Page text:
rooted in the Crescent City. “I feel like a spiritual son of that city,” he says. “Some part of
me lives down there. Dr. John, Professor Longhair, the whole thing grabs me. You get
caught up in those rhythms, right at the crossroads of jazz and funk, and you can't quit
Anderson also heads up the blues-dipped Lapis Lazuli Band, featuring
singer/organist (and old Chicago friend) Amina Claudine Myers, and periodically
reunites with Lewis, Gary Valente and Craig Harris in the all-star trombone quartet,
As revealed by composition titles Disguise the Limit, The Alligatory Abagua,
The Gahtooze and Snoo Tune (for his daughter Anabel), the trombonist is unabashedly a
good-time player. But as frolicsome as his act can get, he says, “I most certainly don't
play joke music. I'm much too aware of the giant shoulders I'm standing on, all the great
players who have given so much to music, and thespiritual responsibility of the
“I do think humor is divine. When human beings laugh or smile, they are in a
state of grace. I insist on having fun when I play and if the band enjoys itself, the
audience does, too. But music contains every feeling and emotion; it’s ultimately an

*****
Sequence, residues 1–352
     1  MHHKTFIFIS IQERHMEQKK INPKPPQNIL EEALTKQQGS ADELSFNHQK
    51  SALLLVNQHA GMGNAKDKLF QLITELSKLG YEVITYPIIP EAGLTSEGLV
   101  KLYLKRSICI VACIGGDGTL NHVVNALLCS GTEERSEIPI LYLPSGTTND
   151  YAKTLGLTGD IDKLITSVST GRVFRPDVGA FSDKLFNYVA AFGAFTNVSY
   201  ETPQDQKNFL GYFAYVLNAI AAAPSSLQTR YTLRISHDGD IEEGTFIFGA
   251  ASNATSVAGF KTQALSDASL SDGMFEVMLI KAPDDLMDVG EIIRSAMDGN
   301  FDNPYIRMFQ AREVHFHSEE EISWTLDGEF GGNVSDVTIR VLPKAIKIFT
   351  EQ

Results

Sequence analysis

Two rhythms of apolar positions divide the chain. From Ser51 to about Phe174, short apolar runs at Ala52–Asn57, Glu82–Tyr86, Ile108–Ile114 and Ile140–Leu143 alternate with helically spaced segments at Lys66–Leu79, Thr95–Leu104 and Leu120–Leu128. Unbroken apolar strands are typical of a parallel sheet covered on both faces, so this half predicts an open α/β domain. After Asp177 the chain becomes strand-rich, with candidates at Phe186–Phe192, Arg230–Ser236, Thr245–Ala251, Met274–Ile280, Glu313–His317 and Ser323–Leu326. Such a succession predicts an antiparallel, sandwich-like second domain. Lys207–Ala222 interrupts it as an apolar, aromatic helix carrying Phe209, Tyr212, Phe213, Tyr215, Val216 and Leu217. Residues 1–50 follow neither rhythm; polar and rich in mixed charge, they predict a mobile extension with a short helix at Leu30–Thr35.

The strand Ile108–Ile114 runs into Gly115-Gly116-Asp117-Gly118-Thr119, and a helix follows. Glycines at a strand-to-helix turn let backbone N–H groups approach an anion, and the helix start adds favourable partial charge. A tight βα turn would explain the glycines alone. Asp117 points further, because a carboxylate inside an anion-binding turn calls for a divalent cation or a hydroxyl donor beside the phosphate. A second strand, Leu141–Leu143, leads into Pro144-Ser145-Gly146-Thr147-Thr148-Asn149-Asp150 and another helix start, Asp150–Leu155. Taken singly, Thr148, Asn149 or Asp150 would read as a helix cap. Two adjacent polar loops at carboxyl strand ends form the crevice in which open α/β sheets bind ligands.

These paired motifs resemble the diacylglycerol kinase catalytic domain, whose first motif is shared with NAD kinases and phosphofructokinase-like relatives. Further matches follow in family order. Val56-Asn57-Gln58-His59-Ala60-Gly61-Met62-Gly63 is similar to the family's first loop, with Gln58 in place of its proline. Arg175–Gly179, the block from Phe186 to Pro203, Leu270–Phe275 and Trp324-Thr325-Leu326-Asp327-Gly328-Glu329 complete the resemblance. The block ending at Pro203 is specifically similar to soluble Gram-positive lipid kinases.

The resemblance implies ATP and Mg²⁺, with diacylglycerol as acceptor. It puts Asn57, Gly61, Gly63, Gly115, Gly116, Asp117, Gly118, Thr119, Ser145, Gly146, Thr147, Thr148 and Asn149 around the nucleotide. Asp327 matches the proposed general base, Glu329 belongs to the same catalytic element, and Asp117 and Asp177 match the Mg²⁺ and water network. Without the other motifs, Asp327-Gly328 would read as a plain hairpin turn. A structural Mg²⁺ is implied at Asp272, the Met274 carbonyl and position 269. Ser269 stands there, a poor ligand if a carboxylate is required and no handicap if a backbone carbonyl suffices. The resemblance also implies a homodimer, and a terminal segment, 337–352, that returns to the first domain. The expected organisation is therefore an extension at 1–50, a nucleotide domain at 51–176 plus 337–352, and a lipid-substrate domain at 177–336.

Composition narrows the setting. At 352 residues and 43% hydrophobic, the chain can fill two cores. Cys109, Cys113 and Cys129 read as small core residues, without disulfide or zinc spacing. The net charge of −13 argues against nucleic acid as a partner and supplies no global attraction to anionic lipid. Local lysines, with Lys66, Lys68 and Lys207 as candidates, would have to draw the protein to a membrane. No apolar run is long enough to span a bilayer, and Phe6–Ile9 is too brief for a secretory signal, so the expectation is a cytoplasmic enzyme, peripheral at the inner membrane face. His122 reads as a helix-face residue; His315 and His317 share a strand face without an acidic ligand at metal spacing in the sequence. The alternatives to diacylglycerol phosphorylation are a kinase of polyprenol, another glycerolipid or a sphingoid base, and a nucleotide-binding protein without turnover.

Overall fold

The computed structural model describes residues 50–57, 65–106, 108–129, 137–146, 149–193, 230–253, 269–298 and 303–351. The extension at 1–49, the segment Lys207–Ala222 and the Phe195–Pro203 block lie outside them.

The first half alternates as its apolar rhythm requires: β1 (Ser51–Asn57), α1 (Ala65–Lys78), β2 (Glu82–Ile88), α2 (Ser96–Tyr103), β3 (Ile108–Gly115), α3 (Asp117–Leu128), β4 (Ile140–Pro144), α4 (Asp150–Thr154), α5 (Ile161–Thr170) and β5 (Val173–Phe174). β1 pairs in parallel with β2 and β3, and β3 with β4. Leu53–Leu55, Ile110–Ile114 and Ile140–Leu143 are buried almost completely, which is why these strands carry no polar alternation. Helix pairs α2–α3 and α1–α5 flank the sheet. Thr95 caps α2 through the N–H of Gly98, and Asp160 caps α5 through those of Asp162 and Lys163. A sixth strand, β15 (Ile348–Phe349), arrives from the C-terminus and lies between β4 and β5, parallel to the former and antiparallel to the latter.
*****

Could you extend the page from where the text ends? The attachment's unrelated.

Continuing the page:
expression of love. It's the healing force of the universe, as Albert Ayler said. My music
is about inclusion. I always want to bring everyone along on the trip. I want to move
people also. I once described the Pocket Brass Band as having one ear cocked to the
thump of the second line dancers' feet and the other tuned to the music of the spheres.
That describes all my music. I want to have it all.”
Anderson is gifted teacher and has long been in demand for workshops and
master classes around the world. In 2001, he was a Guest Faculty member of the Music
Department at the State University of New York at Stony Brook. He was hired as the
Director of Jazz Studies there in 2003. “I really enjoy teaching,” he says. “As I get older I
seek to serve music not only by performing but by helping to inspire the next generation.
Another aspect of this aspiration is my increasing interest in composition.” In response to
this interest he has been awarded grants from the National Endowment for the Arts, the
Fund for U.S. Artists at International Festivals, the Oberon Foundation and Chamber
Music America. In 2001 he became a John S. Guggenheim Fellow.